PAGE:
The US Search and Rescue Task Force also has a useful webpage on ropes and knots. This page is useful as a quick reference or basic review, once one has already learned the knot.
    This video, "Six Knots You Need to Know," is interesting, but is perhaps most useful as a quick way to get to the knot tying videos on YouTube.

    All dangerous children should learn basic first aid and basic rescue techniques by the age of 10. Knot tying is a basic part of rescue skills. The first knot that children tend to learn to tie is the bow knot when tying a shoe. But the bow knot is actually a very poor knot for tying the shoe, since it comes untied so easily by accident, sometimes leading to accidents. A better way of tying one's shoe is by one of the variations of the Ian knot. The sooner the child learns such superior knots, the better off he will be in even the most ordinary situations.

    This might be a good time to clarify simple terminology. Some readers assume that a "dangerous child" will be a violent child, and that teaching a child to be dangerous is the same as teaching the child to be violent. But that would be a basic misapprehension of the intent here.

    The "Al Fin Dangerous Child (AFDC)" is dangerous mainly to those who want to confine and control him, to abridge his rights in some way that is convenient to them, but unjust to the child. To everyone else, the AFDC is a lifesaver and a fount of useful and creative ideas.

    The AFDC is nothing if not skillfully versatile, and generally competent all around. But different skills need to be taught at different stages in development. Many skill require the prior mastery of other skills, to be mastered in their turn. And since each child is different in terms of strengths and interests, teaching a child to be maximally dangerous, in the Al Fin sense, requires some delicate loom work and knot tying in itself. Stay tuned.

    Friday, April 20, 2012

    Peter Thiel's Avalanche Effect on College Education

    Peter Thiel is a successful entrepreneur, visionary, and venture capitalist. One of his recent investments involves sponsoring youth under the age of 20 years old, in the starting of their own enterprises. The young people must forego a college education during the time that they are engaged in their intensive entrepreneurial training and startup experience.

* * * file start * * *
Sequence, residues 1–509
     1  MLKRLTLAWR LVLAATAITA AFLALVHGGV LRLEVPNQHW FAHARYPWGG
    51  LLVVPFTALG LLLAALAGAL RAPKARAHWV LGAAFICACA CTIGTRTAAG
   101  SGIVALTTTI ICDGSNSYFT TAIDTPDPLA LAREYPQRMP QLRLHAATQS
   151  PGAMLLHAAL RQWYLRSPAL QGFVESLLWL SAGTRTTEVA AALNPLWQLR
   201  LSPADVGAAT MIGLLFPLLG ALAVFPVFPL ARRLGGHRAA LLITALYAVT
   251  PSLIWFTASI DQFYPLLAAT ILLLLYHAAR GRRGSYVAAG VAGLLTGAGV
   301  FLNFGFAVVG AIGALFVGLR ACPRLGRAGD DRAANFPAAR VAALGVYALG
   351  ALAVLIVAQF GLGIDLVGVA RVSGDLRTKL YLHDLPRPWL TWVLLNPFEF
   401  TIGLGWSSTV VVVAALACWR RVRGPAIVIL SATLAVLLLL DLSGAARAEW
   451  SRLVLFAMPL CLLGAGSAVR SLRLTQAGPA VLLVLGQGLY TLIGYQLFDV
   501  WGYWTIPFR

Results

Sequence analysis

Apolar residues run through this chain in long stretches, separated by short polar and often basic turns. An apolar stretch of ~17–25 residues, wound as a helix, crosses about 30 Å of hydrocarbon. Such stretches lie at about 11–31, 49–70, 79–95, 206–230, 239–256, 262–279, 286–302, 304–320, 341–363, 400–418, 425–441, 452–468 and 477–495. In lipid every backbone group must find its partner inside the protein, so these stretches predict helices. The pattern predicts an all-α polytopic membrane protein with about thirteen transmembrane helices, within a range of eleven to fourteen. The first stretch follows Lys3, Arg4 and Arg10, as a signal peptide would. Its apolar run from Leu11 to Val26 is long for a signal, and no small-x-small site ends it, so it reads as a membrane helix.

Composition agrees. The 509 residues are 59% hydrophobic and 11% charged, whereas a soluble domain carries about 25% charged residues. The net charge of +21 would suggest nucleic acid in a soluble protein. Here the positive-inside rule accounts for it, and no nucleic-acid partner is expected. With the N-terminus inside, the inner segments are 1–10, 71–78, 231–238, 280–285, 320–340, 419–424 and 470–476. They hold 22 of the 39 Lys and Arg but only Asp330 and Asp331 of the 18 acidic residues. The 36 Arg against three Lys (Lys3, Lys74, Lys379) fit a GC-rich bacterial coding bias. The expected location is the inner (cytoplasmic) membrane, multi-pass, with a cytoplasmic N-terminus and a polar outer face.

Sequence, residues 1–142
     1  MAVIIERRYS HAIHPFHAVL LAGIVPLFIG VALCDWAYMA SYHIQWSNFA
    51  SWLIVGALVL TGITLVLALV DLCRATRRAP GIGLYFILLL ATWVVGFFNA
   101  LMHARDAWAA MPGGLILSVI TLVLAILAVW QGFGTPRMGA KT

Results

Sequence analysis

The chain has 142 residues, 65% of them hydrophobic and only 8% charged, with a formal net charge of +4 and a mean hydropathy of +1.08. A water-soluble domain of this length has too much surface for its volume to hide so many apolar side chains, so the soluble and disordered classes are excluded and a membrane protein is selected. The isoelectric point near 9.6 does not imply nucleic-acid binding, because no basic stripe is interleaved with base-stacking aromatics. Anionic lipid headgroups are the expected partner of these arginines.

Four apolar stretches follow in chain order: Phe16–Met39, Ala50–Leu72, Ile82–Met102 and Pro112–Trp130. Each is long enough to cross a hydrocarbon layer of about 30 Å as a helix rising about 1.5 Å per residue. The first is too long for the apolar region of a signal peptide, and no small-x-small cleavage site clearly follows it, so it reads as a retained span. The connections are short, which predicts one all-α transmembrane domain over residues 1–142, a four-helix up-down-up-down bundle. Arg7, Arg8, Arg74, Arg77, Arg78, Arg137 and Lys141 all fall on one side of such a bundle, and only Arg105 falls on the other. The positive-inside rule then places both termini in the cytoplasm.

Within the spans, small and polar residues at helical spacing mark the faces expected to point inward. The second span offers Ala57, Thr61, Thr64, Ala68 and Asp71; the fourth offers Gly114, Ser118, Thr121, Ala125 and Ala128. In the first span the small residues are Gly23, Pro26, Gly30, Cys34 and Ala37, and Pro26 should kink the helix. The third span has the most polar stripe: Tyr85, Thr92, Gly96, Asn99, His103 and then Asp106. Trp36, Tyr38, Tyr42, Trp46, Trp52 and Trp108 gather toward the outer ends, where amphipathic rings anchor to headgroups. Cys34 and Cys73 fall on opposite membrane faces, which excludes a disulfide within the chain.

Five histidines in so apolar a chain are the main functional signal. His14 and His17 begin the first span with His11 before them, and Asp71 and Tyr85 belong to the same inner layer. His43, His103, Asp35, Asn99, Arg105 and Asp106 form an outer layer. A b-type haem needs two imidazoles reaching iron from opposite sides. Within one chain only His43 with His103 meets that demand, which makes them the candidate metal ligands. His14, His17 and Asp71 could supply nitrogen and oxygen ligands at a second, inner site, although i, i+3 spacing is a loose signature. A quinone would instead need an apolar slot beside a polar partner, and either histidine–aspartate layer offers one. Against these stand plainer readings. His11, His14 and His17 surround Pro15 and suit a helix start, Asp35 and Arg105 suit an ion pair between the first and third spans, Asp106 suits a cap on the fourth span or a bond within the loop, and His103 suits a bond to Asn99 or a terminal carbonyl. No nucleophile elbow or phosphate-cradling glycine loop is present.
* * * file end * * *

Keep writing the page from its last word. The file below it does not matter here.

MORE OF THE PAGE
Interestingly, one of Thiel's young hopefuls -- 19 year old Dale J. Stephens -- has embarked on an entrepreneurial campaign in opposition of the phenomenon of excessive college education. The excerpt below is taken from Stephens' article in CNN: College is a waste of time:
    I have been awarded a golden ticket to the heart of Silicon Valley: the Thiel Fellowship. The catch? For two years, I cannot be enrolled as a full-time student at an academic institution. For me, that's not an issue; I believe higher education is broken.

    I left college two months ago because it rewards conformity rather than independence, competition rather than collaboration, regurgitation rather than learning and theory rather than application. Our creativity, innovation and curiosity are schooled out of us.

    ...College is expensive. The College Board Policy Center found that the cost of public university tuition is about 3.6 times higher today than it was 30 years ago, adjusted for inflation. In the book "Academically Adrift," sociology professors Richard Arum and Josipa Roksa say that 36% of college graduates showed no improvement in critical thinking, complex reasoning or writing after four years of college. Student loan debt in the United States, unforgivable in the case of bankruptcy, outpaced credit card debt in 2010 and will top $1 trillion in 2011.

    ... Learning by doing -- in life, not classrooms -- is the best way to turn constant iteration into true innovation. We can be productive members of society without submitting to academic or corporate institutions.

    ... We who take our education outside and beyond the classroom understand how actions build a better world. We will change the world regardless of the letters after our names. _College is a waste of time
    Brave words, which will need to be backed up by braver actions. Stephens will receive $100,000 and access to expert advice and assistance in reaching his entrepreneurial goals. Stephens has already been signed by Penguin Press to write his first book, "Hacking Your Education."